A ribbon-cutting ceremony was held on September 25, officially dedicating the $62.5-million world-class teaching and research facility, which allows Rutgers–Camden to expand its ability to prepare a new generation of science and nursing leaders for New Jersey and the region.
“This is a transformative moment for Camden,” Rutgers—Camden Chancellor Phoebe Haddon told more than 200 guests in attendance.
Supported by funds from the higher education bond referendum passed by New Jersey voters in November 2012, the burgeoning education and medical corridor in Camden will connect the city’s University District — which includes the Rutgers–Camden campus — with the neighborhood populated by Cooper University Hospital, the Coriell Institute for Medical Research, and the Cooper Medical School of Rowan University.
Rutgers University President Robert Barchi lauded the extraordinary “two-way street” that has enabled Rutgers and the city of Camden to thrive.
Barchi poignantly noted that the Nursing and Science Building is located within view of Camden City Hall, where — on the side of the building — the words of Walt Whitman are etched: “In a dream, I saw a city invincible.”
“No surprise that these words are looking out at Rutgers—Camden, and that Rutgers—Camden sees these words every day,” said Barchi. “It’s the two of us working together that is making that dream a reality.”
Camden Mayor Dana Redd echoed the sentiment, lauding Rutgers—Camden’s pioneering spirit and praising the university as a leading partner in the city’s transformation.
“This facility is yet another Rutgers symbol of excellence and pride that will be used for many decades to come,” said Redd, a 1996 graduate of the Rutgers School of Business—Camden.
The Nursing and Science Building now serves as the primary research and teaching facility for Rutgers—Camden students and faculty in the areas of the sciences and physics at the undergraduate and graduate levels.
Brooke Trigiani, a junior nursing student and vice president of the Student Nurses Association at Rutgers—Camden, applauded the new facility as a place for nursing and science students to develop not only their skills and expertise, but a sense of community with one another.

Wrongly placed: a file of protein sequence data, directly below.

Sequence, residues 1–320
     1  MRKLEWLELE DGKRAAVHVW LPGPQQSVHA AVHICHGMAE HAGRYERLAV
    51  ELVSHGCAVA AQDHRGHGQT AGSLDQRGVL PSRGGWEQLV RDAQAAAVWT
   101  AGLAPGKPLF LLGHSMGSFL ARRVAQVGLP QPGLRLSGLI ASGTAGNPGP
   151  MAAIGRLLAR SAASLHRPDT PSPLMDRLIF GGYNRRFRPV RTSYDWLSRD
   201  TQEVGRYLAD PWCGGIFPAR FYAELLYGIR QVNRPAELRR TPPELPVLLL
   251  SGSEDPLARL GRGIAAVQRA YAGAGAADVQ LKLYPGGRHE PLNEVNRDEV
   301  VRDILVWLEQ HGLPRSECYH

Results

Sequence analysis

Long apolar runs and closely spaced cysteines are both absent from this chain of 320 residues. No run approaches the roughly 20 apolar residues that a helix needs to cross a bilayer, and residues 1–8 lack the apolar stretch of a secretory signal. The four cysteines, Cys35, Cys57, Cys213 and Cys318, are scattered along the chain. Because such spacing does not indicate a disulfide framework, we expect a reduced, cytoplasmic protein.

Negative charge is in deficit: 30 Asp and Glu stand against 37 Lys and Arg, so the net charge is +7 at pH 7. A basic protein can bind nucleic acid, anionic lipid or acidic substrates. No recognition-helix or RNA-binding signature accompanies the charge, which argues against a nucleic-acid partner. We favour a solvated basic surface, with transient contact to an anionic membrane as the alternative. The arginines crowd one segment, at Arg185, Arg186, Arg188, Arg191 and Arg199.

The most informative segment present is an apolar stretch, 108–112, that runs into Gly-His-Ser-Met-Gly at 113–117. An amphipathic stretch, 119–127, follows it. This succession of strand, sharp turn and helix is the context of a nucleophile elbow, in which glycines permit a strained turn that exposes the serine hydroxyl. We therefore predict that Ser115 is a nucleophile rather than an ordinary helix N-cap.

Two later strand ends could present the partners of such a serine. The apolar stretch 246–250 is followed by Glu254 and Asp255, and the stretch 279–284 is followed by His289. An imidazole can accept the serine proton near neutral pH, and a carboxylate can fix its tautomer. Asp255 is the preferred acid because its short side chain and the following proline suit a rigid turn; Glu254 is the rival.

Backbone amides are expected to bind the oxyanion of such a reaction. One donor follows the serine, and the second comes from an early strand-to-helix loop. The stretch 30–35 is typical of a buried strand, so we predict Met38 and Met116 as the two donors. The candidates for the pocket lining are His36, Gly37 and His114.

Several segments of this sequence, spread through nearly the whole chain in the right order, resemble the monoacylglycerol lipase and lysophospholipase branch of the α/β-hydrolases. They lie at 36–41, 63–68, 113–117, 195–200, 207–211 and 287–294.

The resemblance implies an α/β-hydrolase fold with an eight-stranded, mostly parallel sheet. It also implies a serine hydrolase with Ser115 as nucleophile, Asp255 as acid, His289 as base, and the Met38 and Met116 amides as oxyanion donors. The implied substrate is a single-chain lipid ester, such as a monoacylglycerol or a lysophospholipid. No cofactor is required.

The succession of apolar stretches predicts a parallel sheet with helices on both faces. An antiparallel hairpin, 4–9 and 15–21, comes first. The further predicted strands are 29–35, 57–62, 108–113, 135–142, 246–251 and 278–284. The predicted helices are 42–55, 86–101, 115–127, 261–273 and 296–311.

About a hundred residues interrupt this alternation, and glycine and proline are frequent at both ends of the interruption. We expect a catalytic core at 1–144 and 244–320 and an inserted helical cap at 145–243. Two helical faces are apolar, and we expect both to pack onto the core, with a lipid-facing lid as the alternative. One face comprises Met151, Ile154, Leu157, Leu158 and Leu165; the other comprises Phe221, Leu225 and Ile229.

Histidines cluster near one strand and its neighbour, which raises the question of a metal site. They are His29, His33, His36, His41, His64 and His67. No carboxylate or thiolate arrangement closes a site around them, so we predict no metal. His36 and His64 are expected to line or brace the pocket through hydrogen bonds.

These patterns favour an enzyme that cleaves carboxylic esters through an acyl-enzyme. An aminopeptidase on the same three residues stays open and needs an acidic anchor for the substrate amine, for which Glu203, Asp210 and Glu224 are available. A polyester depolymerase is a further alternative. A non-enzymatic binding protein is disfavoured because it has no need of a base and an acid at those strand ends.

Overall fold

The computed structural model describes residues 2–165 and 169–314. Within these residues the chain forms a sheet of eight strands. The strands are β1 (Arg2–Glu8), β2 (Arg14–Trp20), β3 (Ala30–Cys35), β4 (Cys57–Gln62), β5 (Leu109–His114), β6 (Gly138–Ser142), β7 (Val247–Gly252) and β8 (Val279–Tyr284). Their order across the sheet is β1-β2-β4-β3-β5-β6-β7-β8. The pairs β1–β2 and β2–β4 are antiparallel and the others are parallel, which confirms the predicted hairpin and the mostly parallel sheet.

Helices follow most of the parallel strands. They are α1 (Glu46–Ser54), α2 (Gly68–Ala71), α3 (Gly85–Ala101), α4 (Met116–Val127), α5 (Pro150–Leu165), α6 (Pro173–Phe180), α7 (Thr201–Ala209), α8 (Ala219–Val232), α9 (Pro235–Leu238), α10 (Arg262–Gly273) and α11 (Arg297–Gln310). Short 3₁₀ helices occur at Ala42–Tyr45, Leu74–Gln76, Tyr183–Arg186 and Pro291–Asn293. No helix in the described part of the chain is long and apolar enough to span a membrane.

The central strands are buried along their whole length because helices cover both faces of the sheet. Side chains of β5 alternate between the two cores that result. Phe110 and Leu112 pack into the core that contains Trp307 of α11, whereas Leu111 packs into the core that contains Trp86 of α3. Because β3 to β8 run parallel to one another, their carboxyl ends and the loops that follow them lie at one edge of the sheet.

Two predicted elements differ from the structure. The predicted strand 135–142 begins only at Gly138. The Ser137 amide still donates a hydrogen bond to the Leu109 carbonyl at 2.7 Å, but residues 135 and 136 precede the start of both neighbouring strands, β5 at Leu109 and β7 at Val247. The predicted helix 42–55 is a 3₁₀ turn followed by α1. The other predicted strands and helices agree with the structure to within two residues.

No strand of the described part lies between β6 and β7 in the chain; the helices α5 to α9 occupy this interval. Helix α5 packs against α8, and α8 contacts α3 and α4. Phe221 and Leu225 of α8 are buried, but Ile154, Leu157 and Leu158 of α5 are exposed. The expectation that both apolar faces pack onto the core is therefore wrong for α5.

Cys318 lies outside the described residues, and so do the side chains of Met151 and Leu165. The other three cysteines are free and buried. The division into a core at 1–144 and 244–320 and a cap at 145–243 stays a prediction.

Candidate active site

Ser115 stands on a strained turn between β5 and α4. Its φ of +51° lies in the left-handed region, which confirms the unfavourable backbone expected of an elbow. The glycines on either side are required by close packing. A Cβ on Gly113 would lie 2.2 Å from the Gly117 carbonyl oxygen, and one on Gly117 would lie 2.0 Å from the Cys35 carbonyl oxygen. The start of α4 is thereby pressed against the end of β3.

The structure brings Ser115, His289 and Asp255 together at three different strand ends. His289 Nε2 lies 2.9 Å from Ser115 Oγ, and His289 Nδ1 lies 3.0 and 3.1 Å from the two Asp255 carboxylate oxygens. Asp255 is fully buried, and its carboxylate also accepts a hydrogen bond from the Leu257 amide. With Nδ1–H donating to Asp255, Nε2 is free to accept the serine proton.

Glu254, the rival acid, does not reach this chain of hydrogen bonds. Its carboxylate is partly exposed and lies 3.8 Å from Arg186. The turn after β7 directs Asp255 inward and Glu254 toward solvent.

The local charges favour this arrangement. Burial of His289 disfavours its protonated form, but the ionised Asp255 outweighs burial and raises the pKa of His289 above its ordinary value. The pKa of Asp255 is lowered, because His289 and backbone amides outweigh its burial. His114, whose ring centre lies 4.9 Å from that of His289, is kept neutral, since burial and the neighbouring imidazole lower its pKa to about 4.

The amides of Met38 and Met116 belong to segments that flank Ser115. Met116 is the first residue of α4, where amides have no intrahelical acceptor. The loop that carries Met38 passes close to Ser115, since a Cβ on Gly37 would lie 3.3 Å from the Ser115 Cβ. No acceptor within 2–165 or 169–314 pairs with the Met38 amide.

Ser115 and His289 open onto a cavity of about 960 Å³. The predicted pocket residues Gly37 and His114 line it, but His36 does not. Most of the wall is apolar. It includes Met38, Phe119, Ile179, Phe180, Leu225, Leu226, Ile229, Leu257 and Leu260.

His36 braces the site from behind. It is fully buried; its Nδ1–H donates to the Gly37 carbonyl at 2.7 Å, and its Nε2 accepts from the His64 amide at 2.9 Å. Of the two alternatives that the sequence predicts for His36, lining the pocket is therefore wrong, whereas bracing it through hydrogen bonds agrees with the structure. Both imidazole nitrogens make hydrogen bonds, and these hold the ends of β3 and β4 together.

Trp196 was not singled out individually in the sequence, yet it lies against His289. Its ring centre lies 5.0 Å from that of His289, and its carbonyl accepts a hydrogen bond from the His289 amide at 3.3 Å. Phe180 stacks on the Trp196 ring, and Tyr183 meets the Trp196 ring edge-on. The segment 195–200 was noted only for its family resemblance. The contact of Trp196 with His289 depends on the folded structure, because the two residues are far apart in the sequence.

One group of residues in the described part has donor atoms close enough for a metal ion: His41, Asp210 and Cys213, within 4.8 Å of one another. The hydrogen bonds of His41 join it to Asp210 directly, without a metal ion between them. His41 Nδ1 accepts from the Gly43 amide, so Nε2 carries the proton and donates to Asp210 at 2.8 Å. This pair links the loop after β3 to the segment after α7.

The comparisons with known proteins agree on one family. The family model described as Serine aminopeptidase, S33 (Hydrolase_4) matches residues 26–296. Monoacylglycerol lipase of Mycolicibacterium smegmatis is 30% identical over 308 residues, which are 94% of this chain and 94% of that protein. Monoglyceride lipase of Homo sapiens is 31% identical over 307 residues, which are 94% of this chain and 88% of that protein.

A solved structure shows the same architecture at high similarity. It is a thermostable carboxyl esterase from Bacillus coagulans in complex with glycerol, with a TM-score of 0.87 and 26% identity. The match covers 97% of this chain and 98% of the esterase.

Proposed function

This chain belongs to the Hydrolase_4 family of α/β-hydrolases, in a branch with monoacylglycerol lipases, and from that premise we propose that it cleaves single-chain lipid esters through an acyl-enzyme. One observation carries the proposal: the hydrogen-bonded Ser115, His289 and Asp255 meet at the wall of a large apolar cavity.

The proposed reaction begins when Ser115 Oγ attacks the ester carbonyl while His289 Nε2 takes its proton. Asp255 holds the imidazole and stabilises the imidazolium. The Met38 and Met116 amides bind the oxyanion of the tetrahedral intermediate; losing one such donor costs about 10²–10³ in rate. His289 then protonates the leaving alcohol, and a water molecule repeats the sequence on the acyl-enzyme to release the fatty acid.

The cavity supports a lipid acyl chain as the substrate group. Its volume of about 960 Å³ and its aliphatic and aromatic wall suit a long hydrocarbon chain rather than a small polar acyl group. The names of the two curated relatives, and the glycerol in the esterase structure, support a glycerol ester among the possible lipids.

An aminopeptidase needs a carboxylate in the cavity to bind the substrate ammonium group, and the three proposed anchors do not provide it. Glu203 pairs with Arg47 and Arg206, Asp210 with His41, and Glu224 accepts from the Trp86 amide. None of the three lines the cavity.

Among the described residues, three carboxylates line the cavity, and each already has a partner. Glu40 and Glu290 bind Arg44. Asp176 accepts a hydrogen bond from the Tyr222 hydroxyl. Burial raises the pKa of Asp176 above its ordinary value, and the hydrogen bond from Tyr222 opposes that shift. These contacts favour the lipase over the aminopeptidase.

“We now have the opportunity to better build relationships with one another as students and to create a support structure that will last well beyond college,” said Trigiani. “This new building is more than just space for more classrooms; it is a resource to develop future nursing and scientific leaders in our community.”
More than 1,000 students in undergraduate and graduate programs will benefit each year from the facility’s array of cutting-edge computer labs, classrooms, conference rooms, lecture halls, student work and study stations, and faculty and administrative offices.
“Developments such as this building are what make Rutgers—Camden students passionate about coming to school, learning new things, and being more engaged,” said Daniel Miranda, a sophomore mechanical engineering major, resident assistant, athlete, and student leader at Rutgers—Camden.
“I am personally looking forward to this year and seeing how the new Nursing and Science Building becomes a new hub for students to learn and grow.”
Among the many innovative features of the new building, Rutgers School of Nursing—Camden students thrive with “hands-on” instruction via two nursing lab stations: the Simulation Lab and the Basic Clinical Competencies Lab.
Together, these labs comprise 9,160 square feet that provide students with realistic hospital, outpatient, and home care settings to refine their skills and develop “muscle memory” in a variety of challenging environments.
Students and faculty are also defining new concepts in physics through the use of laser technology in the Physics Laser Materials Lab.
This new lab space incorporates significant equipment that has been funded by National Science Foundation awards to Rutgers University–Camden and supports a wide range of physics research studies.